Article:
Tai Chi Master Fu Wing-fei: Applications

T’ai chi ch’uan (simplified Chinese: 太极拳; traditional Chinese: 太極拳; pinyin: tàijíquán; Wade–Giles: t’ai chi ch’üan; literally “Supreme Ultimate Fist”), often shortened to T’ai chi or Tai chi in the West, is a type of internal Chinese martial art practiced for both its defense training and its health benefits. It is also typically practiced for a variety of other personal reasons: its hard and soft martial art technique, demonstration competitions, and longevity. As a consequence, a multitude of training forms exist, both traditional and modern, which correspond to those aims. Some of t’ai chi ch’uan’s training forms are especially known for being practiced at what most people categorize as slow movement.

Today, t’ai chi ch’uan has spread worldwide. Most modern styles of t’ai chi ch’uan trace their development to at least one of the five traditional schools: Chen, Yang, Wu/Hao, Wu, and Sun.

Training and techniques

The core training involves two primary features: the first being the solo form (ch’üan or quán, 拳), a slow sequence of movements which emphasize a straight spine, abdominal breathing and a natural range of motion; the second being different styles of pushing hands (tui shou, 推手) for training movement principles of the form with a partner and in a more practical manner.

The solo form should take the students through a complete, natural range of motion over their center of gravity. Accurate, repeated practice of the solo routine is said to retrain posture, encourage circulation throughout the students’ bodies, maintain flexibility through their joints, and further familiarize students with the martial application sequences implied by the forms. The major traditional styles of t’ai chi have forms that differ somewhat in terms of aesthetics, but there are also many obvious similarities that point to their common origin. The solo forms — empty-hand and weapon – are catalogs of movements that are practiced individually in pushing hands and martial application scenarios to prepare students for self-defense training. In most traditional schools, different variations of the solo forms can be practiced: fast–slow, small circle–large circle, square–round (which are different expressions of leverage through the joints), low-sitting/high-sitting (the degree to which weight-bearing knees are kept bent throughout the form), for example.

The philosophy of T’ai Chi Ch’uan is that, if one uses hardness to resist violent force, then both sides are certain to be injured at least to some degree. Such injury, according to t’ai chi theory, is a natural consequence of meeting brute force with brute force. Instead, students are taught not to directly fight or resist an incoming force, but to meet it in softness and follow its motion while remaining in physical contact until the incoming force of attack exhausts itself or can be safely redirected, meeting yang with yin. Done correctly, this yin/yang or yang/yin balance in combat, or in a broader philosophical sense, is a primary goal of t’ai chi ch’uan training. Lao Tzu provided the archetype for this in the Tao Te Ching when he wrote, “The soft and the pliable will defeat the hard and strong.”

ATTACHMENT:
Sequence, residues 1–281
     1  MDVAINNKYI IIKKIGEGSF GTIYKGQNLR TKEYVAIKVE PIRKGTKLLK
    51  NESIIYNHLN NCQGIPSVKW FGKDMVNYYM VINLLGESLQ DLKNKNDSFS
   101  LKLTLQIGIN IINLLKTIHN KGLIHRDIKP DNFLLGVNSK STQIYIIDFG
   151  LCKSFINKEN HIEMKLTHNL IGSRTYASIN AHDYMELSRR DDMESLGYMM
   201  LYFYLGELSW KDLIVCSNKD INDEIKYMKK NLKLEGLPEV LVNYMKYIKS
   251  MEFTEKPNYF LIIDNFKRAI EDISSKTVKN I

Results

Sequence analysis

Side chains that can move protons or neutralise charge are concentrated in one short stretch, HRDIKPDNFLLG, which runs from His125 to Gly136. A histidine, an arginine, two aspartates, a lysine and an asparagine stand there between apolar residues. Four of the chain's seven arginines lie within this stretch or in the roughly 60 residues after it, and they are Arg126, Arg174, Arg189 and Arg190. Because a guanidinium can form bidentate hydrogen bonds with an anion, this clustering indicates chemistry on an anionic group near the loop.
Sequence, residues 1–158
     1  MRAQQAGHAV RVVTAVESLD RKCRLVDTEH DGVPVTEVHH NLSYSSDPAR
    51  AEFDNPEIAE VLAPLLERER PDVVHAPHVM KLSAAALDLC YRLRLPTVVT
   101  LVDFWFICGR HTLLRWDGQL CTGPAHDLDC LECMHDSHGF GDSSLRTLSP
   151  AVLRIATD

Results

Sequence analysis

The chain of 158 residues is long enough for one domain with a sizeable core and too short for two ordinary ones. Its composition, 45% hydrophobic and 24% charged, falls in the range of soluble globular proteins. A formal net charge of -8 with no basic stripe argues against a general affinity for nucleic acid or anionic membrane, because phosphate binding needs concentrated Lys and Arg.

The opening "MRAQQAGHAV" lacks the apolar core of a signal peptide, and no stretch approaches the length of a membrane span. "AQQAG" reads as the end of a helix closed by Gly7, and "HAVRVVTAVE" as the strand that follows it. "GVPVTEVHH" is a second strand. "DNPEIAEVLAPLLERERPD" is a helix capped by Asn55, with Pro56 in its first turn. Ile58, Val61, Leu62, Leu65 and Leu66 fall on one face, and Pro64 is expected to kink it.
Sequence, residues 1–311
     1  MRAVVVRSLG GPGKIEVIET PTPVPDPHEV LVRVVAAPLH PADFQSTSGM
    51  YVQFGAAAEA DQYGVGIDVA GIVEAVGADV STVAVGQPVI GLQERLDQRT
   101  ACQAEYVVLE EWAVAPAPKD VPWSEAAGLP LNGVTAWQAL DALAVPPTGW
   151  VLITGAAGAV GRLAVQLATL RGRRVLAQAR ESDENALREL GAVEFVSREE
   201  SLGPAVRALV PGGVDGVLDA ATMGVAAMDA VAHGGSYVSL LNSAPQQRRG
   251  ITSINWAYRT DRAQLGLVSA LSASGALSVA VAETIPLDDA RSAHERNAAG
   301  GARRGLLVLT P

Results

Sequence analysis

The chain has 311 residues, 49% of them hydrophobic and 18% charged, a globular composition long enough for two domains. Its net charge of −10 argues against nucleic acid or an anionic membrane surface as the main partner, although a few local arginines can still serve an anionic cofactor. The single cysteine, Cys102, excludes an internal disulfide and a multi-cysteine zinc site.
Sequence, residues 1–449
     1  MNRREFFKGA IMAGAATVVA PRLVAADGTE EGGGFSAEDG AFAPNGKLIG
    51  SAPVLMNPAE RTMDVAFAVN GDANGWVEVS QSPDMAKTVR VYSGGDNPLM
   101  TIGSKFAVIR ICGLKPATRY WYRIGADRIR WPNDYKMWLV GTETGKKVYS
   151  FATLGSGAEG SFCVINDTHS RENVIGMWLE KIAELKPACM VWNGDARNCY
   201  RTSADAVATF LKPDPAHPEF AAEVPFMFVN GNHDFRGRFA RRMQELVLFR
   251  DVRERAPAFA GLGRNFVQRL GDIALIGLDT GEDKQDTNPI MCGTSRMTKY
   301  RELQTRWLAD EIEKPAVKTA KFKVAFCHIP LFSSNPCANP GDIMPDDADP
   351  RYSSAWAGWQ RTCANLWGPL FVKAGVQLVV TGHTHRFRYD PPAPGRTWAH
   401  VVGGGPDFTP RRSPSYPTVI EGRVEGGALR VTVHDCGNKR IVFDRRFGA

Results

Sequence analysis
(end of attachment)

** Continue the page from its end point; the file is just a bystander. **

T’ai chi’s martial aspect relies on sensitivity to the opponent’s movements and center of gravity dictating appropriate responses. Effectively affecting or “capturing” the opponent’s center of gravity immediately upon contact is trained as the primary goal of the martial t’ai chi student.[9] The sensitivity needed to capture the center is acquired over thousands of hours of first yin (slow, repetitive, meditative, low-impact) and then later adding yang (“realistic,” active, fast, high-impact) martial training through forms, pushing hands, and sparring. T’ai chi trains in three basic ranges: close, medium and long, and then everything in between. Pushes and open-hand strikes are more common than punches, and kicks are usually to the legs and lower torso, never higher than the hip, depending on style. The fingers, fists, palms, sides of the hands, wrists, forearms, elbows, shoulders, back, hips, knees, and feet are commonly used to strike, with strikes to the eyes, throat, heart, groin, and other acupressure points trained by advanced students. Joint traps, locks, and breaks (chin na) are also used. Most t’ai chi teachers expect their students to thoroughly learn defensive or neutralizing skills first, and a student will have to demonstrate proficiency with them before offensive skills will be extensively trained. There is also an emphasis in the traditional schools in which one is expected to show wu te (武德), martial virtue or heroism, to protect the defenseless, and show mercy to one’s opponents.[5]